If you press me, I’ll tell you my favorite Paul Simon record is one of his least known: Hearts and Bones. I’m in the minority because it’s his least known record, I think, other than the soundtrack from his Broadway show. Nevertheless, it’s one I can listen to over and over. I thought about it today because of the opening track, “Allergies”:
something’s living on my skin
doctor please doctor please
open up it’s me again
You see, today I spent the afternoon at the allergist.
I have to back up a bit for you to understand the import of that statement. I have been hounded my whole life by allergies. I have tried every antihistamine, delved into most every decongestant, tried as many treatments as I can find and, in Paul Simon’s words, still these allergies remain. In New England, winter meant a respite, but North Carolina offers nothing of the sort; I’m allergic to the state.
About ten months ago, my throat started seizing up – or, at least, that’s the best way I can describe it. I can still breathe, but I can’t swallow and my throat fills up with mucous that I have to clear rather unceremoniously. The result is I go without good sleep about every third night, which seems to be the pattern of the onslaught. I have not been able to pinpoint a direct cause of the congestion. Instead, it seems rather capricious. So I have lived on a steady diet of Benadryl, among other things, trying to find a way to survive. I talked to my doctor about it last summer and he promised to send me to an allergist, but the promise was not kept before my health insurance ran out, so I had to wait until this January to push him to keep his promise. He sent me instead to an ear, nose, and throat specialist who then sent me on to an allergist, whom I saw today. Though last night was miserable, I was somewhat happy that the “swallowing thing” was happening as I went to see him today. I also went with the expectation that he was going to do a full slate of allergy tests to try and figure out what was going on. He was a nice guy and he dealt with me well, but he said he didn’t have the equipment to look at my throat and he only tested me for dogs (not allergic) and dust mites (allergic) and offered me yet another antihistamine and told me the best thing I could do for my throat was to go see the ENT while it was going on so she could figure out what it was.
I spent over two hours in his office. At the end of the time he said, “Well, I think we have a good plan.”
“The only plan I know is for me to go see the other doctor when my throat acts up. That’s a plan?” I asked.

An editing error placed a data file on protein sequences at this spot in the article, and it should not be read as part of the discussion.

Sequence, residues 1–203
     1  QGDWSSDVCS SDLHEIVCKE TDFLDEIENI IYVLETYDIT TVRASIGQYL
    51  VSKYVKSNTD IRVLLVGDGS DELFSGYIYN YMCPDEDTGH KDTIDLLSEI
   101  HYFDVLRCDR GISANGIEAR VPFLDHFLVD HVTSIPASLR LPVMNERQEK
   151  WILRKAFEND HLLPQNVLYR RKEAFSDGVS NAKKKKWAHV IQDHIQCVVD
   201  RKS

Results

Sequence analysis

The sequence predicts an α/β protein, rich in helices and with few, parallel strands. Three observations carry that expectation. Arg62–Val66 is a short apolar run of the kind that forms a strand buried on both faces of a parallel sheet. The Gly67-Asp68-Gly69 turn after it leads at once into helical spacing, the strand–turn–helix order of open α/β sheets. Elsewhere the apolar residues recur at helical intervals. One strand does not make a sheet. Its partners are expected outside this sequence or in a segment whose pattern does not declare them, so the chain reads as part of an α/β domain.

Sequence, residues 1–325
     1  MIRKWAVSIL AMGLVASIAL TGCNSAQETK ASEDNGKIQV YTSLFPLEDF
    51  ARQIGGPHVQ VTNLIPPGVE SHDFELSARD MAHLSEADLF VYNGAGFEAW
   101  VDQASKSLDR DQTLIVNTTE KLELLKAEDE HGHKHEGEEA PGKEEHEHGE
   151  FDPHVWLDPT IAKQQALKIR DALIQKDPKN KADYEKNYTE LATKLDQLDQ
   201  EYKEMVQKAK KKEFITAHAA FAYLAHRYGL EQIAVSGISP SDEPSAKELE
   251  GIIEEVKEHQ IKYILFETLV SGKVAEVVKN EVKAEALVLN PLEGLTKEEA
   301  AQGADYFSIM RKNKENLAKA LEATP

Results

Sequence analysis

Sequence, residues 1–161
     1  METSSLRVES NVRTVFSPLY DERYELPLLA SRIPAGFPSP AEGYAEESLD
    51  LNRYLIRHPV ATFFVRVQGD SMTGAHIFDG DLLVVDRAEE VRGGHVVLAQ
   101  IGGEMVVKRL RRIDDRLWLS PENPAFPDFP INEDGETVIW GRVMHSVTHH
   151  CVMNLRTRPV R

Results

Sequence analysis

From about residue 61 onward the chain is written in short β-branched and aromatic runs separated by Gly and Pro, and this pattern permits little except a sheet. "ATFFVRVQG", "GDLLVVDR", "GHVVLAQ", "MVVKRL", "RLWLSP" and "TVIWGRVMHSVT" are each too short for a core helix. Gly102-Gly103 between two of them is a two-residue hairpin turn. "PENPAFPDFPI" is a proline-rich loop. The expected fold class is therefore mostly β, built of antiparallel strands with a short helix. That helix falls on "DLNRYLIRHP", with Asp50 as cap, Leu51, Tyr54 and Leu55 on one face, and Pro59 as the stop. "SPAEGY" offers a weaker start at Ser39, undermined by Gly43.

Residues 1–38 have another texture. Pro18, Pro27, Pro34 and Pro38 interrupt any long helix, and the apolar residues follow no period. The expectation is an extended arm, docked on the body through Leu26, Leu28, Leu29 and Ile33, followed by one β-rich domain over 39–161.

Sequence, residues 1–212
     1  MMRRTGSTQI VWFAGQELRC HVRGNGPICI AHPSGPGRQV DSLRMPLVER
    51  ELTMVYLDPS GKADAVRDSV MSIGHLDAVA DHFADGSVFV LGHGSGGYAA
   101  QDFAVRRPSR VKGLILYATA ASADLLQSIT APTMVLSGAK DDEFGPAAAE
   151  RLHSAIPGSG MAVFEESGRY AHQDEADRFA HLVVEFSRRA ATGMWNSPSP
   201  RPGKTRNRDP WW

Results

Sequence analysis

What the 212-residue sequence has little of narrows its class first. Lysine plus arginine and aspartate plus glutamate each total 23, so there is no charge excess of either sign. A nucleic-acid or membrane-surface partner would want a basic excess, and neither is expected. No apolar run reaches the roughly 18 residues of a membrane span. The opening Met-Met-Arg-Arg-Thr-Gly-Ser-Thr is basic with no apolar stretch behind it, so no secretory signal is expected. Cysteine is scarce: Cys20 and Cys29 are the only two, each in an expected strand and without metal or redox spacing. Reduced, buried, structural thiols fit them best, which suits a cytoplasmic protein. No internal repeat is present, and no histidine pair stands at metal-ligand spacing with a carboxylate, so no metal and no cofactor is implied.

That was his plan. That and to write me a prescription for another antihistamine and a nasal steroid. And he wants to see me in two months. I’m not sure why. It seems actually treating allergies is not a part of the American medical system to try and figure out how to treat the symptoms of my allergies. At the end of our time, I asked him about the skin irritation I get with some regularity.
“You’re just a really allergic person,” he said without irony.
I left feeling just as allergic and a good bit more frustrated than when I arrived. I went by the church to vent to Ginger and then met some friends at Fullsteam to find a way past how pissed off I felt. The friends are folks at the heart of the Wild Goose Festival, which will happen again here in North Carolina this June. (Please come.) As I drove to meet them, I remembered one of the talks that stuck with me from last years festival. A pastor from New York named Gabriel Salguero spoke on “The Allergy to the Other.” I wish I had notes to go back to that would outline the great stuff he had to say, but all I can do is recall feeling compelled by his words about how we allow ourselves to feel “allergic” to people who aren’t like us, responding defensively in the same way our bodies produce histamines to protect us from the unknown.
I thought about his talk today because I was so taken aback by the way in which the doctor whose declared specialty was allergies had only enough imagination to deal with symptoms. His aim was to make me comfortable, period. He did talk about allergy shots, but what he offered was a five-year commitment that was only about seventy-five percent effective. Beyond that, my best choice was to mask the symptoms and act like things were OK.
Recently, Durham was recognized as The Most Tolerant City in the United States. I love that I live in a place that is recognized for its welcoming spirit and I want to be more than “tolerant,” which seems to me to be the relational equivalent of taking antihistamines and thinking you’ve dealt with your allergies. When I hear the word tolerant, I think it means learning to put up with something or someone: getting used to someone, but not really making a place for them in your life. Straight people, for example, who learn to tolerate gay and lesbian folks come to some sort of “live and let live” place, but don’t ever intend to actually be friends with them.
Toleration is not acceptance any more than what the doctor did for me today was actually deal with my allergies.
I long for another survey that measures the most accepting city. I think Durham still has a shot because we are, in large part, more than tolerant of one another. This is one of the most encouraging places I have ever lived. The task in any community is to learn how to live in such a way that we become essential to one another. That means finding a way to do more than mask our allergies and to push through our fears and prejudices to see the only way we survive is to survive together. To quote another Paul Simon song,
I’ve reason to believe
we all will be received in Graceland